The Digitally Empowered Patient – Engaged or Confused?

26 May 2016

While recent research indicates that doctors and patients agree digital is great for patient engagement, when we delve deeper it reveals that the plethora of different digital media also creates confusion, a sentiment echoed in conversations I’ve had with practitioners.

Accenture’s Patient Engagement Survey 2016 reveals a surge in adoption of digital-health technology, with the number of patients using social media or wearables for health trebling in some countries.

However it’s also revealed some paradoxes:

  • A disconnect between patients and doctors about the extent of patient access to digital health records. Doctors are concerned about the implications of full access on the doctor/patient relationship. Appropriate service design thinking would help resolve this, leading to mutual adoption and benefits.

Accenture blog graph

  • Twenty-five per cent of doctors in England feel that patients’ use of wearables may actually increase the cost of healthcare – almost as large as the 31 per cent who believe it will reduce healthcare costs.
  • Over half the countries surveyed showed a dip in patient perception that digital health technologies help them, a trend which is at odds with the proliferation of mobile health apps. The obvious question is ‘why?’ Is it mass disillusionment after the initial hype?

It may just be the different media – providing valuable new information also creates a flood of raw, unfiltered data, with no link to recommended actions. Interpretation falls to patients, who struggle to fully understand it, and drives them to consult their doctors who are also unprepared for this new task of guiding patients through a tsunami of data.

Some doctors are worried about patients consulting them about specific device readings or information viewed in isolation when there are questions regarding the product’s quality – how many are medical grade devices? Even if readings are not false, in the absence of filtering or decision support, patients may visit doctors unnecessarily.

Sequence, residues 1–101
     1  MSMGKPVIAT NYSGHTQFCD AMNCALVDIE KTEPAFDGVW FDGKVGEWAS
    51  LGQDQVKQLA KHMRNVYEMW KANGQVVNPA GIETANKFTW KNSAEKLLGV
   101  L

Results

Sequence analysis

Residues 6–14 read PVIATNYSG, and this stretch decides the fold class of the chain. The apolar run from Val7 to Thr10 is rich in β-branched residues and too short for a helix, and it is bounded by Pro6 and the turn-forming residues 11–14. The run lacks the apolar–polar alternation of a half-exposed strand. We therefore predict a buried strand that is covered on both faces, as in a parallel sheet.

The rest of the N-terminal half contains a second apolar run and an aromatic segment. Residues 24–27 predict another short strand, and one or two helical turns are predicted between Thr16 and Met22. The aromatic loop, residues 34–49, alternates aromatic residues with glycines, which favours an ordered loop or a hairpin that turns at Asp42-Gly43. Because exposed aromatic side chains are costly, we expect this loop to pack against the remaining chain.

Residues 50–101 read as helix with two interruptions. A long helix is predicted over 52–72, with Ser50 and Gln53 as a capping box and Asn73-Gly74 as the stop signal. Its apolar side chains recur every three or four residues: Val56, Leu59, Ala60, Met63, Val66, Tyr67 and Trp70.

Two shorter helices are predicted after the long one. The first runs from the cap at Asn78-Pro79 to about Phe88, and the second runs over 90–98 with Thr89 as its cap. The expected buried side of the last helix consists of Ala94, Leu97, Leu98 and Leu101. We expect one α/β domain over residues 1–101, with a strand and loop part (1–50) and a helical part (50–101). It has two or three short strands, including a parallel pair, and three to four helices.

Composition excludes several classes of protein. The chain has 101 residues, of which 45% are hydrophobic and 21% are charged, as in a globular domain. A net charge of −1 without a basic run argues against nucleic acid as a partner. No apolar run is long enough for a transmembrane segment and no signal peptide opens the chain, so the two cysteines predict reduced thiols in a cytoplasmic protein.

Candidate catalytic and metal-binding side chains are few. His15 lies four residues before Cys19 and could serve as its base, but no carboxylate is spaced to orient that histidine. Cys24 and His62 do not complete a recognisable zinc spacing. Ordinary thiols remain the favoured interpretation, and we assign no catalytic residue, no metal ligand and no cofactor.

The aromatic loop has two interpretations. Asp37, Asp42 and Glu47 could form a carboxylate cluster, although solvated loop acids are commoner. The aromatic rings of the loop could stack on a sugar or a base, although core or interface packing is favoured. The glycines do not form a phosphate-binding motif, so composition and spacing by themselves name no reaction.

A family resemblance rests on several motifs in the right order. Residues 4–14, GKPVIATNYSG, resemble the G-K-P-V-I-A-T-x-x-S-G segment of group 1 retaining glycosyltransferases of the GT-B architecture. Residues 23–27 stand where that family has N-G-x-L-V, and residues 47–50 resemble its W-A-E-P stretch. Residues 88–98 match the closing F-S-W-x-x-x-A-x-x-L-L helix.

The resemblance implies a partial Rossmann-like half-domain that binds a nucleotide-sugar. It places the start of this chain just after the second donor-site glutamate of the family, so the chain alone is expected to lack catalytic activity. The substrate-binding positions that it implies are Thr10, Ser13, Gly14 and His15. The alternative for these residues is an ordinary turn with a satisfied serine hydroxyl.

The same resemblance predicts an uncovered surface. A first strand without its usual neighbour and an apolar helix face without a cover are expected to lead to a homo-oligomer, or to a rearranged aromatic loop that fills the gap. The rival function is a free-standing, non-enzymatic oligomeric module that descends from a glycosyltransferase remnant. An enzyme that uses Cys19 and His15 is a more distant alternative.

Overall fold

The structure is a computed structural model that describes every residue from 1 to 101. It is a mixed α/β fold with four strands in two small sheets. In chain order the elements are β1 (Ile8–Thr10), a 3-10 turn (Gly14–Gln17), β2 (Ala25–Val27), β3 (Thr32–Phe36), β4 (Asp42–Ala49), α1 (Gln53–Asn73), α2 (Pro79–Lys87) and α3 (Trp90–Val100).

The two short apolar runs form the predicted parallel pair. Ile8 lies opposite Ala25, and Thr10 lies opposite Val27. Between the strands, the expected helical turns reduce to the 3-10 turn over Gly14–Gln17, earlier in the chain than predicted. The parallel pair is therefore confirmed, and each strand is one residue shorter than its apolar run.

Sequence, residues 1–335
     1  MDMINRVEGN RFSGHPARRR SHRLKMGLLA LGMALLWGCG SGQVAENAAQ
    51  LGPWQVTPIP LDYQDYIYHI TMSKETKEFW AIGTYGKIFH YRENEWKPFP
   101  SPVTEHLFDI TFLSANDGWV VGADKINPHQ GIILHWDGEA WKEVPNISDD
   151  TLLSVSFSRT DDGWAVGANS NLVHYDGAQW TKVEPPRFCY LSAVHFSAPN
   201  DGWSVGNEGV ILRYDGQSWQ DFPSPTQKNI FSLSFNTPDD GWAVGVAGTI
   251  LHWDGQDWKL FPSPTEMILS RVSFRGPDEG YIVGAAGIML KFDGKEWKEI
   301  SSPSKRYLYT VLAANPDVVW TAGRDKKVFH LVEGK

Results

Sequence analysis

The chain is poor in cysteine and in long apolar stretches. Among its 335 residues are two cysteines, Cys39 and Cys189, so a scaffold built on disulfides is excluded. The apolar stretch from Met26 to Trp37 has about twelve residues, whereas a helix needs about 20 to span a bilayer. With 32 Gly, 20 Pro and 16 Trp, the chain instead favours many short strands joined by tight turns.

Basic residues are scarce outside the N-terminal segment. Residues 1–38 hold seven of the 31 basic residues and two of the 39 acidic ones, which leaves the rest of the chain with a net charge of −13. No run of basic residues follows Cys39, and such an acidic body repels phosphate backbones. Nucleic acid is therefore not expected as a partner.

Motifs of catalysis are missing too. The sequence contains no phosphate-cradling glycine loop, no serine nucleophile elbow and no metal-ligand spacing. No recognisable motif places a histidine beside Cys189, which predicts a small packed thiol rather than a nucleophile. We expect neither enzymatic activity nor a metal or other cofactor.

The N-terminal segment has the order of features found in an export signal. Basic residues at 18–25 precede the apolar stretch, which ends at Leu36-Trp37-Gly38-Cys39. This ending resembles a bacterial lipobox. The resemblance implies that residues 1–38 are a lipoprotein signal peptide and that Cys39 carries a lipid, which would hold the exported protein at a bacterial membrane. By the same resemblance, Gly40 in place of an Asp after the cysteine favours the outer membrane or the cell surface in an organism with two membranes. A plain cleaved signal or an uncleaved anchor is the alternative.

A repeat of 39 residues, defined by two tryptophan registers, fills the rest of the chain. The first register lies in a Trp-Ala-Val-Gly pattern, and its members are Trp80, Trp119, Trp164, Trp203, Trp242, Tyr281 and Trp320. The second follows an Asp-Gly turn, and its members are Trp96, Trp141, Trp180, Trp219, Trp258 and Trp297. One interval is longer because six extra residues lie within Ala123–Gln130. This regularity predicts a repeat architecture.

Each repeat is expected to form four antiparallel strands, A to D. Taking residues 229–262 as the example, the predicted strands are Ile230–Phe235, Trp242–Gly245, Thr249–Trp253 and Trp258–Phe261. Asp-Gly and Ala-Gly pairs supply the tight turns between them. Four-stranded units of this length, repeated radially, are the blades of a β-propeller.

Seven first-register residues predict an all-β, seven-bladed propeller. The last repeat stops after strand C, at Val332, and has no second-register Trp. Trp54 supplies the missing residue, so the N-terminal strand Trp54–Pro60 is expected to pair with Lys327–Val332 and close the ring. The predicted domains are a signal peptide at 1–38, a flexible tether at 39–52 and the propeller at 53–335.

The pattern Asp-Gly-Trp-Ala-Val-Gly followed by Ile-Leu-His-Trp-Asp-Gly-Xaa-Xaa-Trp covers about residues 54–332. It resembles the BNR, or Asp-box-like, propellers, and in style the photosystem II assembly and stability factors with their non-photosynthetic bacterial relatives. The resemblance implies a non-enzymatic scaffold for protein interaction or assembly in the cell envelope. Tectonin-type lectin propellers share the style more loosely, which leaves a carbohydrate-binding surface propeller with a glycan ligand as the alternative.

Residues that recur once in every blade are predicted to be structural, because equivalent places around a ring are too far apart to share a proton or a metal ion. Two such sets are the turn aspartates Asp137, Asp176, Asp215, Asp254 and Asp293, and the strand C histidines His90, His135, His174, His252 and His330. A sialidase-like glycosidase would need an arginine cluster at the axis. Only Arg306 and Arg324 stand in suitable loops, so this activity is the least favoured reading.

To help resolve these paradoxes, I believe three approaches can help the healthcare industry penetrate the data flood:

  • Service design: anticipating how digital health innovations, and their combined use, should fit into patients’ and doctors’ lives – what needs to change, especially in terms of user interfaces, processes, training, incentives, culture, behaviour, and resources?
  • Intelligent patient platforms: collating digital-health information into a meaningful engagement channel, linked to existing healthcare services, so that readings or tools are not accessed in isolation.
  • Analytics: advanced analytics and decision-support systems, connected to healthcare sources, converting raw data into insights, giving both doctors and patients clearer results.

The accelerating spread of wearables and other digital patient tools represents a fantastic opportunity for patient engagement and ownership of their health and wellbeing, but we cannot simply assume that ‘benefits will flow’.

Other sectors, including retailers, banks and media innovators haven’t just created websites and apps loaded with content – they have designed ‘omnichannel’ models, mindful of avoiding gaps between the online and physical, to create seamless experiences. They have enriched their offerings with analytics-enabled insights, helping the consumer navigate through content, products and services.

My conversations with healthcare practitioners have also revealed concerns about how to overcome these issues – the potentially helpful prescription of digital technologies and the unintended side-effects, creating some confusion juxtaposed with empowerment and insight.

To resolve this and fully empower patients and doctors, I believe we need to draw on the experience of sectors who have effectively implemented advanced customer strategies, and apply the same approaches to digital-patient enablement.

I’d love to hear others’ thoughts and experiences on this question.

David Champeaux is Managing Director of Healthcare Strategy at Accenture UK.

A version of this blog has been posted on Accenture.com

 

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